Some escape to the sea. Some escape from it.
In Seascape, land meets sea and present meets past, when an older human couple come face to snout with their prehistoric selves. Albee’s linguistic playfulness and willingness to make his characters confront the dangerous unknown create a scenario both deeply thoughtful and absurdly funny.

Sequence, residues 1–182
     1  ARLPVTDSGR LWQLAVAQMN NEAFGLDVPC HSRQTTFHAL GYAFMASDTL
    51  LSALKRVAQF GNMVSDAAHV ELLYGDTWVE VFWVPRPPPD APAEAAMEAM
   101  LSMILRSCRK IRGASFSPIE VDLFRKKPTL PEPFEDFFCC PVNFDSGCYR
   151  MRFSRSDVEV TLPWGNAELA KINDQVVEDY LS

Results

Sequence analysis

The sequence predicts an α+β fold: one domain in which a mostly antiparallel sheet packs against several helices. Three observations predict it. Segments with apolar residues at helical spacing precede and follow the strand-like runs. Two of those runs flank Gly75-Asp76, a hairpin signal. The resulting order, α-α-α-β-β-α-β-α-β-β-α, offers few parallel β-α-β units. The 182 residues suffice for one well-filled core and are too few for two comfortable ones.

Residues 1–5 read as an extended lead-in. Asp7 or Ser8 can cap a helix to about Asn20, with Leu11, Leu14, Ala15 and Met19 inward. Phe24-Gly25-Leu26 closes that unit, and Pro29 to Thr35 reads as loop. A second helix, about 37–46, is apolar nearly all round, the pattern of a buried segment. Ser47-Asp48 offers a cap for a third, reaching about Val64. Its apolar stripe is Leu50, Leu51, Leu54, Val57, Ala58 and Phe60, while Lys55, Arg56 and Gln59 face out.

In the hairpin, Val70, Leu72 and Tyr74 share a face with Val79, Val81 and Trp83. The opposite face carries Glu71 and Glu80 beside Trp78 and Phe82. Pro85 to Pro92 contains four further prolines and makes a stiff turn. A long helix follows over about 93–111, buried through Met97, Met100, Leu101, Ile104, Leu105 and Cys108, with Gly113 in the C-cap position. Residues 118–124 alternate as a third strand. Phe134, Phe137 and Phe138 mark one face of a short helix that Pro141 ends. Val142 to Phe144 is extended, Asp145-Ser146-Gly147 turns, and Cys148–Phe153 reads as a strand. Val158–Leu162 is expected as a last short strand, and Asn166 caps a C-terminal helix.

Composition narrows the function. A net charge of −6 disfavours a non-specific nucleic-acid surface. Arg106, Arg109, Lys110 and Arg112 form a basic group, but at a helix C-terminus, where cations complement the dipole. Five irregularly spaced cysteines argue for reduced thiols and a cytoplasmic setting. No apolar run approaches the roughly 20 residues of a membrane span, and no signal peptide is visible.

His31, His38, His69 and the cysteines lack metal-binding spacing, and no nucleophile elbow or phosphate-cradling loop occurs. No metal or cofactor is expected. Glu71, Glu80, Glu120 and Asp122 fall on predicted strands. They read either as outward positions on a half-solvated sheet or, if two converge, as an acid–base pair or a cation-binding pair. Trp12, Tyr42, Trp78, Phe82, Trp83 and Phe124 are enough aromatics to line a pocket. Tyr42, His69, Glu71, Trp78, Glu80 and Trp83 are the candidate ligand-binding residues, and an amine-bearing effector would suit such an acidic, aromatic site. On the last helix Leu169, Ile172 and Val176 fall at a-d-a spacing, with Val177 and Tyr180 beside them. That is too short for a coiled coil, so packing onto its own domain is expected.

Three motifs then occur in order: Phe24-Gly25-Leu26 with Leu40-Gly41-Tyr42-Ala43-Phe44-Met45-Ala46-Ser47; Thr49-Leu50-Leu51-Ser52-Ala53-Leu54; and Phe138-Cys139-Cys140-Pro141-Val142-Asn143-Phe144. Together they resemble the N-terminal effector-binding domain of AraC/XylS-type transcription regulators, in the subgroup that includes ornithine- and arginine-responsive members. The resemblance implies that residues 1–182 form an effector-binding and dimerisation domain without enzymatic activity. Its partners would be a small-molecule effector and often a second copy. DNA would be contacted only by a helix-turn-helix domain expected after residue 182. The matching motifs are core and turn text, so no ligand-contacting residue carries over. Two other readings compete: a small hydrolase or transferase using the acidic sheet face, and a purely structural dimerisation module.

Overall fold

Charlie and Nancy, a recently retired, happily married couple, are enjoying an afternoon on the beach, disturbed only by the occasional low-flying plane and their own arguments, when suddenly their peace and their ideas are threatened by the appearance of a younger, adventurous couple—who just happen to be of another species as well. This winner of the 1975 Pulitzer Prize displays all of Albee’s singular linguistic playfulness as well as his willingness to make his characters bravely confront their own everyday fears and face the dangerous unknown The last time Remy Bumppo tackled Albee, both the production and Annabel Armour earned Jeff Awards. This time the human relationships with animals are strictly platonic—a journey into primordial eons and emotions, where lizard brains and human pains face futures both immediate and infinite.